A to Z Software Development Roles

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3D Chart of Software Development Roles: Visualising Skill Attributes

This 3D scatter plot visualises various software development roles based on three key skill attributes:

  • Project Timeline (x-axis): Representing the spectrum from project start to project end.
  • Focus Orientation (y-axis): Spanning from people focused to technology focused roles.
  • Thinking Style (z-axis): Differentiating between operational thinking and strategic thinking.

Each marker represents a distinct role, with its position indicating the relative emphasis on each of these attributes. Use the chart to explore how different roles balance these skills. How one person in a 3D space could assume another role nearby in the space.

Click the "Reset Chart View" button to reset the chart to its default view.

Click the "Set Y and X Front View" button to set the chart to see Y on the left and X on the bottom.

Interacting with the 3D Scatter Plot:


  • Mouse Scroll: Scroll the mouse wheel up and down to zoom in and out.


  • Click and Drag: Click and drag on the plot to rotate it in any direction.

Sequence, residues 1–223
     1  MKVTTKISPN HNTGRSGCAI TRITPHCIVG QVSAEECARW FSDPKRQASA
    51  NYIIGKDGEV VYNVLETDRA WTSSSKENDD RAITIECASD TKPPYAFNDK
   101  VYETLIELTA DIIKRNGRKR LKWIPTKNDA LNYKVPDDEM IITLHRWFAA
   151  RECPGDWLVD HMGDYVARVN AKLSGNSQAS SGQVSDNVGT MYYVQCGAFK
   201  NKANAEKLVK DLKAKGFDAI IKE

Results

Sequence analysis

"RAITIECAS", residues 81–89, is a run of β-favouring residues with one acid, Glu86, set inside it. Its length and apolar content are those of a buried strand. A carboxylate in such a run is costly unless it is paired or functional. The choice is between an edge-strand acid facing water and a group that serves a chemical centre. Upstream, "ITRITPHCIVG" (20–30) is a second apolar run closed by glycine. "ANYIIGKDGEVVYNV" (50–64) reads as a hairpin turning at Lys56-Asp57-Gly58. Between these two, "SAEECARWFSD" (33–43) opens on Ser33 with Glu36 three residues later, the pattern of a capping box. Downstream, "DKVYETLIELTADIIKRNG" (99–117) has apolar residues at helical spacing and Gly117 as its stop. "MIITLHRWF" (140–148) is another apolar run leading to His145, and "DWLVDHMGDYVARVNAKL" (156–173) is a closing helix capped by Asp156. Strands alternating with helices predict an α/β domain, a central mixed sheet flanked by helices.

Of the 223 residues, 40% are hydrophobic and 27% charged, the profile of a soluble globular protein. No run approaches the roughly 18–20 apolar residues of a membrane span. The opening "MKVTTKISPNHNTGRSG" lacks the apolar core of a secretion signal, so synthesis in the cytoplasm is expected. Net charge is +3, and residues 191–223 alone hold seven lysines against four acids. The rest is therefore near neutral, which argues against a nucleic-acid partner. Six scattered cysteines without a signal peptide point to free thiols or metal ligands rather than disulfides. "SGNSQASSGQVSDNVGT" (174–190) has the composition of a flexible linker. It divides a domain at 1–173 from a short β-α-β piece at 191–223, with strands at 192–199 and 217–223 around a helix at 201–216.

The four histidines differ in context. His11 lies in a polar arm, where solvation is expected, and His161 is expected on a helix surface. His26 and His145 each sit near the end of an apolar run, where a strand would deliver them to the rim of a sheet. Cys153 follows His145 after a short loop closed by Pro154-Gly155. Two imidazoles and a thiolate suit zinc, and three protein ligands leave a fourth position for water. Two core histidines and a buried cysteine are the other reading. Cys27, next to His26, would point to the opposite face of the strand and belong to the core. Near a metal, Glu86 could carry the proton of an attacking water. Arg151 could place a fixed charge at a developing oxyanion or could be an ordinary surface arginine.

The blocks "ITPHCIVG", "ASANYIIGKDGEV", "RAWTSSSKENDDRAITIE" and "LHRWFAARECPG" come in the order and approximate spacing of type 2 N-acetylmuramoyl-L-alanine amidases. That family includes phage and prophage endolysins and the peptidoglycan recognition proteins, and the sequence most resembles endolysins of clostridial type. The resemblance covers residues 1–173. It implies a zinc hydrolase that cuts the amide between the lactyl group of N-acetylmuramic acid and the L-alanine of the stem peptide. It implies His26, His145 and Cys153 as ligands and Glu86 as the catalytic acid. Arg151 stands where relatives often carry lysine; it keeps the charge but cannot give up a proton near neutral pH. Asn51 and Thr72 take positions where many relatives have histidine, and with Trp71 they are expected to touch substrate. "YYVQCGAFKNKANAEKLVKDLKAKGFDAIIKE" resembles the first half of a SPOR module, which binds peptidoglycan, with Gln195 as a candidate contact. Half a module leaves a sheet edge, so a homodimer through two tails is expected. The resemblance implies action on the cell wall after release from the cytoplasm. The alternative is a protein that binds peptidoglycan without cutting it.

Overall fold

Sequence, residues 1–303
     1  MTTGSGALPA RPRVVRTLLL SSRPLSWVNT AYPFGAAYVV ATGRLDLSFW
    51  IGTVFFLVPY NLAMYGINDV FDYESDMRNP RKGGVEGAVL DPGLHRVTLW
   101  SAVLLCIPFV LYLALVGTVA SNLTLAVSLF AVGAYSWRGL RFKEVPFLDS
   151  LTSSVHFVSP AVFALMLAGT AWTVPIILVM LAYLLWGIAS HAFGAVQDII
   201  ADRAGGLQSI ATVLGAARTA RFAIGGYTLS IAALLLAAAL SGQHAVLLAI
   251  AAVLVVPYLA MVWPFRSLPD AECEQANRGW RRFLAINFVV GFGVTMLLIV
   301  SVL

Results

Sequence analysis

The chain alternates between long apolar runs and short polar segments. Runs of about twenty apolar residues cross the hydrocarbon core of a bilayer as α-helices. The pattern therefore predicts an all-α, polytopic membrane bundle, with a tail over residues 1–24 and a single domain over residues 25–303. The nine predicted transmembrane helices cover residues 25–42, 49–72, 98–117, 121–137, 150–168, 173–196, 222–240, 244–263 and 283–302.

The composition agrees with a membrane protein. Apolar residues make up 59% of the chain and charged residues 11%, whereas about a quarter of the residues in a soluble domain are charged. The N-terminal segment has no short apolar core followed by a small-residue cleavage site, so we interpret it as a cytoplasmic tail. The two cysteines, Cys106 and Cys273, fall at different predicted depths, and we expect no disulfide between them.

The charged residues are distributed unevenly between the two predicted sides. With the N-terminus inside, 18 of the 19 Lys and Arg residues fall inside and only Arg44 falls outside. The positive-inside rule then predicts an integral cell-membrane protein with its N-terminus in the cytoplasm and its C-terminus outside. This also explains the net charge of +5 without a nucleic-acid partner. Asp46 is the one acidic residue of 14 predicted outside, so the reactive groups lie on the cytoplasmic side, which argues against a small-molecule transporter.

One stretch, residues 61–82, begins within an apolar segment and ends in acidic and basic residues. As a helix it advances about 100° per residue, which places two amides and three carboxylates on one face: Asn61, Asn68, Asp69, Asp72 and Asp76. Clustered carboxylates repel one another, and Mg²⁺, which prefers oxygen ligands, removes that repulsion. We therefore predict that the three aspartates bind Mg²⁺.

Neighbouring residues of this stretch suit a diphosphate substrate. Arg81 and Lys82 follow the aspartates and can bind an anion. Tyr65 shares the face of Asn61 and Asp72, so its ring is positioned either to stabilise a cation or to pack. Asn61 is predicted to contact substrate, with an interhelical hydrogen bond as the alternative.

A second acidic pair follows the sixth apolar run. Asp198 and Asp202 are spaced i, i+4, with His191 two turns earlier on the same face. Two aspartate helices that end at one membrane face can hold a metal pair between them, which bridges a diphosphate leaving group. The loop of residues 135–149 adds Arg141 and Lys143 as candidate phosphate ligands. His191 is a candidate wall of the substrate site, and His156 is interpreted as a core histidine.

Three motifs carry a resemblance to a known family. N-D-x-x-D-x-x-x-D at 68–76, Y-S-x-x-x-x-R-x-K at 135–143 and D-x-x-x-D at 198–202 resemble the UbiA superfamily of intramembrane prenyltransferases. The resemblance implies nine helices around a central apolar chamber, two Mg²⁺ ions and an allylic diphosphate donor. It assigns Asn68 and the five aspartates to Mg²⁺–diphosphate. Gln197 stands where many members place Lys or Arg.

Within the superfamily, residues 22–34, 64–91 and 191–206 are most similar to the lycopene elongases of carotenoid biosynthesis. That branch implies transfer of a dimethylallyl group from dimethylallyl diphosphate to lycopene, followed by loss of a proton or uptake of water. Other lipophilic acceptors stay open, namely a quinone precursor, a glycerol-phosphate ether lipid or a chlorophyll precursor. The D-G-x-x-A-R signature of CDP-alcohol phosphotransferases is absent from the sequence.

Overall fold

• Right Click and Drag: Right-click and drag on the plot to pan it left, right, up, or down.

Reset Chart View:

  • Reset Button: Click the "Reset Chart View" button below the plot to reset the view to its default position (Y axis left, X axis bottom and Z axis depth).


  • Hover: Hover over a data point to see additional information about the role it represents.

"K" for Knowledge Manager

A Knowledge Manager ensures employees have access to accurate and relevant information and resources across the organisation. They facilitate knowledge sharing through various channels, including training sessions, online platforms, and written guides.

Personal Story: In one organisation I worked with, the Knowledge Manager's goal was to make information and training accessible to everyone and connect people to workshop their knowledge, leading to better project outcomes and improved work processes. A key lesson I learned was that having a WIKI or SharePoint is not the same as having a knowledge base—these are merely document repositories. True knowledge management involves using information to enable better outcomes for the entire organisation. It's a unique and often under-appreciated role. Did you know? Knowledge management draws from various disciplines, including information science, organisational psychology, and computer science, to optimise the creation, storage, and dissemination of knowledge.

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